Male (top) and female (bottom) life-history differentiation in Bahamas mosquitofish from 7 high- and 7 low-predation blue holes.
(3) Population divergence in killer whales (Orcinus orca)
Although generally regarded as a single species, numerous divergent killer whale lineages are recognized worldwide, which diverged in diet, behaviour, morphology, genetics, pigmentation, and social structure (Riesch et al. 2012). From 2000 to 2011 my research focused on acoustic communication and divergence of communication signals in killer whales from the eastern North Pacific. Here, three sympatric ecotypes (residents, transients, and offshores) coexist in sympatry. Resident killer whales specialize on fish (salmon in particular), transients hunt marine mammals, and offshores probably also specialize on fish (albeit species like Pacific sleeper sharks and Pacific halibut). Killer whales produce three types of sounds: echolocation clicks are thought to function in orientation and prey detection, whereas pulsed calls and whistles are communicative signals. Despite evidence for some universal acoustic signals, the structure and frequency of use of most vocalizations differs strikingly between ecotypes. Evidence suggests that these differences are partially due to differences in hearing sensitivities of killer whale prey: marine mammals have good underwater hearing and exhibit anti-predator behavior in response to transient (i.e., marine mammal-eating) killer whale vocalizations. Salmon and other fishes, on the other hand, cannot detect killer whale sounds over significant distances.
Johnstone Strait in British Columbia, Canada.
Male northern resident killer whale surfacing in our wake waves.
My collaborative research (with Volker Deecke, John Ford, and Frank Thomsen) has mainly focused on whistle communication. Killer whale whistles are highly modulated signals that show some degree of directionality and have lower sound pressure levels and higher fundamental frequencies compared to pulsed calls. A large proportion of a killer whale's whistle repertoire is made up of stereotyped whistles that are often emitted in elaborate sequences (Riesch et al. 2008). Furthermore, whistle types of northern residents, southern residents, and transient killer whales differ drastically in structure, and while residents whistle during almost all behavioural contexts (albeit most often during socializing), transients restrict whistling to non-foraging situations (Riesch et al. 2006; Riesch & Deecke 2011).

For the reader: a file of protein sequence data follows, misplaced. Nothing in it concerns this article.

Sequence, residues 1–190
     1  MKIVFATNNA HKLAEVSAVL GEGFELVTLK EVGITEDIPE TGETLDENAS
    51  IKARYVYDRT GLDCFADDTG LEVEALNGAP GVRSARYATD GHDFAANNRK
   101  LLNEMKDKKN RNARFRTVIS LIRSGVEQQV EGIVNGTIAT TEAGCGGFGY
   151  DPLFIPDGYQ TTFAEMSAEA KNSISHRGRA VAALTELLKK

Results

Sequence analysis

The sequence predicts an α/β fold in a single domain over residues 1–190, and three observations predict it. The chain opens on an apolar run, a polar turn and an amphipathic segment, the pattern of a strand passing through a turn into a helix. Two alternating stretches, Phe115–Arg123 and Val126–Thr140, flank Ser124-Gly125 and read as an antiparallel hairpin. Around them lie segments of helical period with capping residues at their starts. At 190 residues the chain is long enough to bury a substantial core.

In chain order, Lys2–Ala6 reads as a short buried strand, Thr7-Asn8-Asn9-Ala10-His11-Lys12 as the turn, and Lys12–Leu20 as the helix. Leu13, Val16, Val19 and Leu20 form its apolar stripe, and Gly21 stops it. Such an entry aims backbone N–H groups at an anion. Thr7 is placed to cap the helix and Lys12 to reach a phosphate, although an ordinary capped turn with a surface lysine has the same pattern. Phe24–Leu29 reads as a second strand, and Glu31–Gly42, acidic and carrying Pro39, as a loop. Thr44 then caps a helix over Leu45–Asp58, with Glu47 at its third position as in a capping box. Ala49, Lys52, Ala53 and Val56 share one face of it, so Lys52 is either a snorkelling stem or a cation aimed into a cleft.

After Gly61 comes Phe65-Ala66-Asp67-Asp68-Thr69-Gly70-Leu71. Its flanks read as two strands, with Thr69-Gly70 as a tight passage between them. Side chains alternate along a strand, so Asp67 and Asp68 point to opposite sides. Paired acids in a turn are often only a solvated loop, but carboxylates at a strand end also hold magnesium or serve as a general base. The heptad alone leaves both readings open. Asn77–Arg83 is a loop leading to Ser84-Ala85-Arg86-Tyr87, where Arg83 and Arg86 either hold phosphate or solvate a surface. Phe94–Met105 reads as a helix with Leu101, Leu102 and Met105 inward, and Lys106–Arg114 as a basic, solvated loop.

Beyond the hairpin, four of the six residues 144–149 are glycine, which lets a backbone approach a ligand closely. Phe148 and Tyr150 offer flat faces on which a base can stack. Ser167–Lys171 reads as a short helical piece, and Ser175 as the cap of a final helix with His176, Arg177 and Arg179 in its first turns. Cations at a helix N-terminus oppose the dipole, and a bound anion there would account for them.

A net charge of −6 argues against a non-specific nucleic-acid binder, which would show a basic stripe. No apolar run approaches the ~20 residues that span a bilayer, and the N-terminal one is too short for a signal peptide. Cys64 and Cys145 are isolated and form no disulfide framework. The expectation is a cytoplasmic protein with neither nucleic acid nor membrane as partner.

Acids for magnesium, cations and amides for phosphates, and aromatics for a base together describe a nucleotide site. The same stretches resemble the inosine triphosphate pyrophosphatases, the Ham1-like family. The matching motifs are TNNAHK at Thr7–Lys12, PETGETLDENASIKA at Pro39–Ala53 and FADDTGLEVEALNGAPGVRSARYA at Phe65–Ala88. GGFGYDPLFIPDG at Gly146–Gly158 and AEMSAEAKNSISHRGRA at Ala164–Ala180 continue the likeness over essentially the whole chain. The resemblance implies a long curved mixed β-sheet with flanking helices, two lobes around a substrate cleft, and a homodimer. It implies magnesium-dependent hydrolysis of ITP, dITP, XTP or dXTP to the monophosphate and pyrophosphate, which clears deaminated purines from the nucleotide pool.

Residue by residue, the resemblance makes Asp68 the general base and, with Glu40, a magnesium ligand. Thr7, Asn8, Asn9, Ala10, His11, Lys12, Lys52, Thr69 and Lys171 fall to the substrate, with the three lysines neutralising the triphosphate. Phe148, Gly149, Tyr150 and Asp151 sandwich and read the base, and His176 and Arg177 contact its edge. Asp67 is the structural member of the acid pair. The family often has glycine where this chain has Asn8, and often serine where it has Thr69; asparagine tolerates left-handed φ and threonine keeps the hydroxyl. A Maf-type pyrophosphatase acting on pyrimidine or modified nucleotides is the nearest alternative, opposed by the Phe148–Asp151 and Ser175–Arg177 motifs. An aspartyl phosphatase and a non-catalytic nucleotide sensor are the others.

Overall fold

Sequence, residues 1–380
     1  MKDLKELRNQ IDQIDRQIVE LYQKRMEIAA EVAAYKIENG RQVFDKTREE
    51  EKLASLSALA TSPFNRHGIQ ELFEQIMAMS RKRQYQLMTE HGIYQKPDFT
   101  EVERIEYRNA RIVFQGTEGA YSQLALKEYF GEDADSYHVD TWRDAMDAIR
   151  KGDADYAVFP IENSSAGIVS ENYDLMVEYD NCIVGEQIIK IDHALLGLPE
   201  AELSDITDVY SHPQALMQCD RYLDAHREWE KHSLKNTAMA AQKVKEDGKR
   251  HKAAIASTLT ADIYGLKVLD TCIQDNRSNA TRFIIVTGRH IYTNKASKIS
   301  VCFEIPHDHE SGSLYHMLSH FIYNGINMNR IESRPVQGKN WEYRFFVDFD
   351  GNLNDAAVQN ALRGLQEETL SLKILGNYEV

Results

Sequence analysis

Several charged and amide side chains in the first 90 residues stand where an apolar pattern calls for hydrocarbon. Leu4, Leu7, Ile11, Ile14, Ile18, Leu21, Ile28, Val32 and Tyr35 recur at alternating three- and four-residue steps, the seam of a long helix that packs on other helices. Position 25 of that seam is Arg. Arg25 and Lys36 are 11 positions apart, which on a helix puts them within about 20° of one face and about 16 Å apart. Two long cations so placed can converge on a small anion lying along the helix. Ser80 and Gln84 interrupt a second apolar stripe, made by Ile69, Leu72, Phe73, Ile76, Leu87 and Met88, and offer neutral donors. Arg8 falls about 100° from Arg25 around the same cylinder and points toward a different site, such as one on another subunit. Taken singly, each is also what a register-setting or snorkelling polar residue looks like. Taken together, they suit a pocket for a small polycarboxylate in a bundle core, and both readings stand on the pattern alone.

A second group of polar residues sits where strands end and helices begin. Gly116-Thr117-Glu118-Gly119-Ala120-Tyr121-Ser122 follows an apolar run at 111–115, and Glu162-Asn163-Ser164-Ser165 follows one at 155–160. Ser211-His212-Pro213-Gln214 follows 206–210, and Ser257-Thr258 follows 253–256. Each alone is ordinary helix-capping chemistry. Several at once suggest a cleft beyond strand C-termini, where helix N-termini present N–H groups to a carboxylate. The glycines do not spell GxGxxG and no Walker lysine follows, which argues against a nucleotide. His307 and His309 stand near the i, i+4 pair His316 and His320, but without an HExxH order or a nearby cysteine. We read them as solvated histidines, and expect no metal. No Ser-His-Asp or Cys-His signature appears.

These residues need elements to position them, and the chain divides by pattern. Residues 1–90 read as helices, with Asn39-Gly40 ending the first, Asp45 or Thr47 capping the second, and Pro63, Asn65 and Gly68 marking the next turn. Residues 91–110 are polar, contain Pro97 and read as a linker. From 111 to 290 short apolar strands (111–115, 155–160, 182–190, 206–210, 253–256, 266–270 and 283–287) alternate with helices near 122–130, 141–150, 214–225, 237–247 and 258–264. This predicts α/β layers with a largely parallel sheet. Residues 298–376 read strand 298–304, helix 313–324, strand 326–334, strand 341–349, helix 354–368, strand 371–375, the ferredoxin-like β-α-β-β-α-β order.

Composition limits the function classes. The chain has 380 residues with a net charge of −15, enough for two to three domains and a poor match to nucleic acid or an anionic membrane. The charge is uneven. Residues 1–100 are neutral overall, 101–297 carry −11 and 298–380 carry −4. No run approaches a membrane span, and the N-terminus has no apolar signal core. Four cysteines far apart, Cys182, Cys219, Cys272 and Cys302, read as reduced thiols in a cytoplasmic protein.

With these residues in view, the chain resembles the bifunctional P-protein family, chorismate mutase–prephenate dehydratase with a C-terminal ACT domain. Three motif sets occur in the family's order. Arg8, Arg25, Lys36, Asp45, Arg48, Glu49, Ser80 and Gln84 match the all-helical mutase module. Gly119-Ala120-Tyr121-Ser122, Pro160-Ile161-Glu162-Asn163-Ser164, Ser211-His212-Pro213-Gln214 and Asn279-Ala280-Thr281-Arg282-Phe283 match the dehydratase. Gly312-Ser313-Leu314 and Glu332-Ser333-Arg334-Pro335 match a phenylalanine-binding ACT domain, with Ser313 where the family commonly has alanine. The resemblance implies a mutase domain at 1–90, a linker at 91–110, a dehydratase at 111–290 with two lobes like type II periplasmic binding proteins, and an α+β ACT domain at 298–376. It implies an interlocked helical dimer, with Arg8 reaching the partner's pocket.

W1T: Stereotyped whistle of northern resident killer whales.
W4T: Stereotyped whistle of northern resident killer whales.
For comparison a northern resident pulsed call: N4.
Male northern resident showing his impressive dorsal fin.
(4) Ecological speciation in Timema walking-stick insects
Pathways that can lead to reproductive isolation can be categorized as occurring either before or after the formation of hybrid zygotes. Current evidence suggests that pre-zygotic isolation evolves faster than intrinsic post-zygotic isolation, and one important way in which pre-zygotic isolation may evolve is via reduced heterotypic mating due to divergence of mate preferences and traits (= sexual isolation). For example, it has been suggested that adaptation to local environments can lead to population divergence in communication signals (= sensory drive), thereby incidentally resulting in sexual isolation. However, despite the accumulation of examples of sexual isolation, for most study systems there are still fundamental, unresolved questions concerning which traits sexual isolation is actually focused upon, and what their underlying genetic basis is. In collaboration with Patrik Nosil from the University of Sheffield, my research on Timema spp. aims at resolving some of these questions by employing an integrated ecological, experimental, and genomic approach to investigate the role of chemical communication as a mechanism of sexual isolation in the group.